Who are they?


(April 28, Colombo, Sri Lanka Guardian) In the wake of grossly misleading reports in the national media as to who the members of the Advisory Panel of the United Nations, appointed by United Nations Secretary General Mr Ban Ki Moon are, based on their uncritical acceptance of abuse by government politicians, the Sri Lanka Guardian publishes an authoritative sketch of their backgrounds. We do this in the interests of encouraging balanced commentary on the contents of the Advisory Panel Report and regret the inflammatory tone adopted by much of the mainstream media in this respect.

The following sketches have been compiled and sent to us by patriotic Sri Lankans - both senior and junor - who have expressed their deep dissatisfaction at the inability of sections of the national media to maintain a balanced perspective in their commentary.

The Sri Lanka Guardian wishes to pose some relevant questions. Is there anything to be gained by abusing these persons in a personal or professional manner? Is it not wiser to engage in sober dialogue with the international community and convince them not only of the trials that Sri Lanka has undergone in recent years but also show through constructive action, that Sri Lanka is willing to put into place a new era where all people will be satisfied with their place in a just and law aiding society?

Excerpted from Business Week Online, July 3, 2000, Bloomberg Business – The Stars of Asia

Marzuki Darusman

Marzuki Darusman
Attorney General

Marzuki Darusman has had a privileged upbringing. The son of an Indonesian diplomat, Darusman spent his formative years in Europe, where he acquired a taste for the more equitable social norms of the West. Whenever he returned home to the impoverished island of Java, the extreme class and economic differences made Darusman awkward in social situations with other Indonesians. ''Creating a level playing field,'' recallled Darusman at one time ''was an elemental obsession.''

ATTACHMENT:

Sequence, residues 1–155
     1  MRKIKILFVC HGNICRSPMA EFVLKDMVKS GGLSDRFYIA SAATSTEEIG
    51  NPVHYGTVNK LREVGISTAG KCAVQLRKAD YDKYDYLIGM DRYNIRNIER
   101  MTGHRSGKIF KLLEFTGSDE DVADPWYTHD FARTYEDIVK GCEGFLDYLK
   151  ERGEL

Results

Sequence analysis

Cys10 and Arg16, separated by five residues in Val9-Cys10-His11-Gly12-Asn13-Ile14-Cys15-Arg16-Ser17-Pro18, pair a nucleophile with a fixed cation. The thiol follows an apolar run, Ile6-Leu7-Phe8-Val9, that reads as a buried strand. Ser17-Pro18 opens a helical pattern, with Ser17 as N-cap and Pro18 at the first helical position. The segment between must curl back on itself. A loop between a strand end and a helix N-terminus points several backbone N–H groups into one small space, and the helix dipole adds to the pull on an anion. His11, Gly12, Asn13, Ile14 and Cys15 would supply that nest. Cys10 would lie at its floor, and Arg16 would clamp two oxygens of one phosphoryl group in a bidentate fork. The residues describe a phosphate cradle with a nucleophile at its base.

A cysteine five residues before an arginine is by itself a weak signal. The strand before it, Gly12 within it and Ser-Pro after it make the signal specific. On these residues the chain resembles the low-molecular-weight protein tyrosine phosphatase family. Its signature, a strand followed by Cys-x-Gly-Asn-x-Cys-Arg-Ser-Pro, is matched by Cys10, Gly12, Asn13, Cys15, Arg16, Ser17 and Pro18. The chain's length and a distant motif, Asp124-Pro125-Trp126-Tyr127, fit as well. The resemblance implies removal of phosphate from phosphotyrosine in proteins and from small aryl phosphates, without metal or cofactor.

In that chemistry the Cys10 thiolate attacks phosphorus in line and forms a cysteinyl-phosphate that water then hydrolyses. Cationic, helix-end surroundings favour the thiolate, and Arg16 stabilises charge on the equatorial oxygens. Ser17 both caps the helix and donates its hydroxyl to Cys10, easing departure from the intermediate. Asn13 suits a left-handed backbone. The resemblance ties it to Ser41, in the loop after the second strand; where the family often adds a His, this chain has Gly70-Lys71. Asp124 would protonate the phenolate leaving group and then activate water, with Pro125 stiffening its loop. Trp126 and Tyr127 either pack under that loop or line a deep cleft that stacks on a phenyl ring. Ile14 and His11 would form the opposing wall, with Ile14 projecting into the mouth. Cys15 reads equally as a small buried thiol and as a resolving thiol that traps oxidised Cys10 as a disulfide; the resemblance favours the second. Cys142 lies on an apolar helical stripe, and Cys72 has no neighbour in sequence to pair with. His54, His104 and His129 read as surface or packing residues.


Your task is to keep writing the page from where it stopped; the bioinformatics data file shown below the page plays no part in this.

Appointed Attorney General of Indonesia, Darusman, 55, prosecuted cases that symbolized the inequities of Indonesian society. Corruption, mass murder, and human rights abuses during the three-decade rule of former President Suharto were all on the agenda. Indonesia was trying to hold accountable a privileged class that exploited the vulnerable. ''This is a push to create a situation where there is at least a sense of decency and rightness,'' Darusman said.

His caseload was a wide-ranging corruption investigation of Suharto, his family, and his cronies. The case had been closed in mid-1999 by Darusman's predecessor under pressure from army generals loyal to Suharto. After their leader, General Wiranto, was taken off active duty by President Abdurrahman Wahid soon after his election, Darusman reopened the case. Then he took the unprecedented step of placing Suharto under ''city arrest'' and putting his closest business associate, Mohamad ''Bob'' Hasan, behind bars to keep him from tampering with evidence. Prosecutors are studying the records of several ''charitable foundations'' that were chaired by Suharto and run by Hasan.